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Toys R Us Closing
The Toys R Us bankruptcy, along with the bankruptcy of its sister store Babies R Us and parallel bankruptcy proceeding in Canada for its Canadian subsidiary, shocked the market. Not so much because a store with a strong brick and mortar presence filed for bankruptcy, but because its sheer sales numbers were not enough to offset its debt obligation. The initial filing occurred in November. Since then, Toys R Us has been operating under the auspices of a Bankruptcy Judge while trying to reorganize. A few weeks ago, Toys R Us announced that it is liquidating and will be closing all 1600 stores worldwide. This will mean that 33,000 people will be out of a job.
Most likely, a new toy company will take its place that has more of an emphasis on online sales while keeping brick and mortar stores in the repertoire. Regarding the Toys R Us employees, being out of a job might signal a rash of bankruptcies.
Toys R Us
According to media reports, Toys R Us had $4.9 billion in debt at the time it filed its bankruptcy petition. It has many locations inside American shopping malls. Once iconic, particularly in the 70s, 80s, and 90s, American shopping malls are falling on hard times. Foot traffic at malls has decreased. Even for those who still go to the malls, they are comparing prices on their smart phones and are not as quick to buy as they were in years past. While the mall experience is still important, it does not bring in the dollars that it used to. Toys R Us suffered because of this reality.
Similarly, Black Friday, once a huge money maker for retailers, lost its luster. Consumers are able to find great deals online on Black Friday and consumers are used to staying home to shop. Toys R Us had significant business on Black Friday.
Toys R Us Employees
It is difficult to forecast bankruptcies in general and difficult to forecast how Toys R Us will factor into consumer bankruptcies. Some may argue that many Toys R Us employees are low-wage employees and will find work at similar, retail-based jobs. In large part, this is probably true. However, the Toys R Us bankruptcy represents a model that applies to many retailers: Brick and mortar needs to be curtailed.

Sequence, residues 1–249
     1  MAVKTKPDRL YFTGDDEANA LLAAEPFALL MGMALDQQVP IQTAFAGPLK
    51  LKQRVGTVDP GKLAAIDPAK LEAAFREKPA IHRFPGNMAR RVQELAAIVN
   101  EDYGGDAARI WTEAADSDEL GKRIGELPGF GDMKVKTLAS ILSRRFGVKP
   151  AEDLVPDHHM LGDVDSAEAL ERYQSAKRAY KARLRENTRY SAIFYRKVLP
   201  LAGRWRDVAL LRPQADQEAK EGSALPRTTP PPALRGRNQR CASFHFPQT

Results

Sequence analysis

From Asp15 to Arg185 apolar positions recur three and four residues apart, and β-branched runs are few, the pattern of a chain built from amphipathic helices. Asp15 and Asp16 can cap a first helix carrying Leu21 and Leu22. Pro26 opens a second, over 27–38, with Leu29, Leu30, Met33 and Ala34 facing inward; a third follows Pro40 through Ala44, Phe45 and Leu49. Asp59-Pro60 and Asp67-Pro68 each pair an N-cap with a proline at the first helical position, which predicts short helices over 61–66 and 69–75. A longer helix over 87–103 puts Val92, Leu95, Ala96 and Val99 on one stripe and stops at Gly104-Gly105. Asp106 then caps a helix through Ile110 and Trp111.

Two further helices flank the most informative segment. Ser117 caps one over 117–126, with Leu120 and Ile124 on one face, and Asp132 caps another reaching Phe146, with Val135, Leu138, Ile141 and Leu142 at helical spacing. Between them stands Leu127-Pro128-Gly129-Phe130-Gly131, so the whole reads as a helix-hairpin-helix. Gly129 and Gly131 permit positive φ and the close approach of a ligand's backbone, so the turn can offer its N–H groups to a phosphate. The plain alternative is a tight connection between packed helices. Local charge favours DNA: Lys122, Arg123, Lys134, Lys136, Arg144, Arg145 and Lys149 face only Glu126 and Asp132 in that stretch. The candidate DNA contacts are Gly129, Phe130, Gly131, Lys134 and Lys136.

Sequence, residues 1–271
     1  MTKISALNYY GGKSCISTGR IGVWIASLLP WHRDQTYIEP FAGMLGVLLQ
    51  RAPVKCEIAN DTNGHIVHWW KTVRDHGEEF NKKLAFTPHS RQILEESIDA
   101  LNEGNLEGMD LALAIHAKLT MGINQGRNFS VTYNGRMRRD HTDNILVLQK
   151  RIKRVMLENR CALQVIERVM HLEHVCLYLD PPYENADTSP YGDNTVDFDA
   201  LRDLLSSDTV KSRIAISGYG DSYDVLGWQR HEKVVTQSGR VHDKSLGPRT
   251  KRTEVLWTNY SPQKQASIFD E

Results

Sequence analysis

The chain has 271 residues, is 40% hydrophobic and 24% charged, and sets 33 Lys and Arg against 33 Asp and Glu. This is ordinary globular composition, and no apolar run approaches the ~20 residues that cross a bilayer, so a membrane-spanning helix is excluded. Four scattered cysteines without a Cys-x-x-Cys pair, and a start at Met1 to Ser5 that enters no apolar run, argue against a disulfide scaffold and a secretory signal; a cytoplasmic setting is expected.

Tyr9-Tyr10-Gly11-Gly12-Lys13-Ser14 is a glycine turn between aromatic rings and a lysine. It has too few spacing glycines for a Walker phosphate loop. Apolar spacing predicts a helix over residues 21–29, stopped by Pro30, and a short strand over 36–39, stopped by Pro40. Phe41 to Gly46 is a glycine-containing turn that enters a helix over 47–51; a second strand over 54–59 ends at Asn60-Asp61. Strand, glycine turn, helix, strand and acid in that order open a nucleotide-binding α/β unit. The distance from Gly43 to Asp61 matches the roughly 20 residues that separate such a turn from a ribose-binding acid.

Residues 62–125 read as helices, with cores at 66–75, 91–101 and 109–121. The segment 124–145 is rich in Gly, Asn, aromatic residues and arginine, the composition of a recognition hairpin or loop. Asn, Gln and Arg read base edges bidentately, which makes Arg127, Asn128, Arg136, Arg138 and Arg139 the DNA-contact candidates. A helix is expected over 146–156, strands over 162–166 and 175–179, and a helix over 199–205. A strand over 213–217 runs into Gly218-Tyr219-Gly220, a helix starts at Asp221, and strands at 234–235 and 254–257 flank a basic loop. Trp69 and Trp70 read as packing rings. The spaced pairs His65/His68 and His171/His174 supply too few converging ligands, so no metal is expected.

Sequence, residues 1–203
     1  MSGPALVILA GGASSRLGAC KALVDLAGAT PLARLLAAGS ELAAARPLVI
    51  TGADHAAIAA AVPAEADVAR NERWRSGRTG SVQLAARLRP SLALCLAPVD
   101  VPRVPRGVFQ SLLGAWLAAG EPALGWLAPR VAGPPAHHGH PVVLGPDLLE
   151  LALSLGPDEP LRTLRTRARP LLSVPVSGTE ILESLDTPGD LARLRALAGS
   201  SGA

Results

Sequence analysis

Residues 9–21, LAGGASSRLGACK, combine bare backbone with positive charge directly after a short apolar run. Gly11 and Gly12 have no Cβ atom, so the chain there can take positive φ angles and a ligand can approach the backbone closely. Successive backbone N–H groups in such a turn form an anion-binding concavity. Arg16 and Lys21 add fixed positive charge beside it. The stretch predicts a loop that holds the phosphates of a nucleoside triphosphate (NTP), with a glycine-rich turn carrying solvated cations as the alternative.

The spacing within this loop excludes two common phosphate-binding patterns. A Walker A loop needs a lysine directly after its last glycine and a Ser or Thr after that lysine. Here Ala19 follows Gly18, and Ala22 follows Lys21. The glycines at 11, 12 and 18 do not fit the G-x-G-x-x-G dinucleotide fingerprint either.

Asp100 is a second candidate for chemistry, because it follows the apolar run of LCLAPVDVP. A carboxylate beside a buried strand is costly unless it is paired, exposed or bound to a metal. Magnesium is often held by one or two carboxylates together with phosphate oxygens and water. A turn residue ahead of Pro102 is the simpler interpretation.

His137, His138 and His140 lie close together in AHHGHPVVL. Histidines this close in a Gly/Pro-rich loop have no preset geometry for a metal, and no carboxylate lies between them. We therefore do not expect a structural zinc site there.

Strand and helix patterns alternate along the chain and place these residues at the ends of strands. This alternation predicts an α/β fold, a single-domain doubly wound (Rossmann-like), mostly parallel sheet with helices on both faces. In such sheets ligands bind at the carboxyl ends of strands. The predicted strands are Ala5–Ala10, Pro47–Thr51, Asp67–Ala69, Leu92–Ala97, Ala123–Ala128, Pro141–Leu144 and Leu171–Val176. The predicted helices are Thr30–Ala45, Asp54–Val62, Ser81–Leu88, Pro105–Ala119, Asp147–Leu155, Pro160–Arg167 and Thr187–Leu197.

Online sales generally require less manpower and less “customer service” that has been a hallmark of retailers over the past number of years. Retailers would hire sales associates and the like so customers would have minimal wait time and an overall better shopping experience. With the advent of online sales, it is understood that orders are not processed right away. Moreover, because much of online sales are automated, there is no reason to hire someone and pay that person a salary.
The industry reflects this. Gymboree, Sears, Sun Pacific, and Bon-Ton, to name a few, also filed for bankruptcy in 2017. The notion that other retailers will hire those who worked in retail may not be true. Employees of those retailers are or will be looking for jobs, as well.
Even retailers with strong brick and mortar bases, like Target and Walmart, have recently invested large sums of money into expanding their online shopping experience. Seemingly, those retailers are not seeking to expand their brick and mortar employee base.
In the meantime, those employees who lost or will be losing their jobs in the Toys R Us liquidation may want to get training for new skills, perhaps to work with an online retailer. Until they acquire those skills, what will they do?
The Great Recession of 2008-9 saw an explosion of corporate bankruptcies followed by an explosion of consumer bankruptcies. The current economic climate may track this, though for different reasons. The corporate bankruptcies of 10 years ago were due to an economic downturn triggered by bank failures, notably Bear Stearns and Lehman Brothers. It later led to auto bankruptcies and a rash of other corporate bankruptcies. The current economic climate, in contrast, is not experiencing a downturn; in fact, all economic indicators show strong economic activity. Instead, technology and related factors are driving the economy, leading traditional business models to extinction.
Despite the contrast, the similarities are strong in reference to the climate of large corporate bankruptcies. While these bankruptcies are not in the financial sector, they are applicable to large corporations. With the explosion of retailers restructuring, the question is whether the consumer will be the next wave of bankruptcies.
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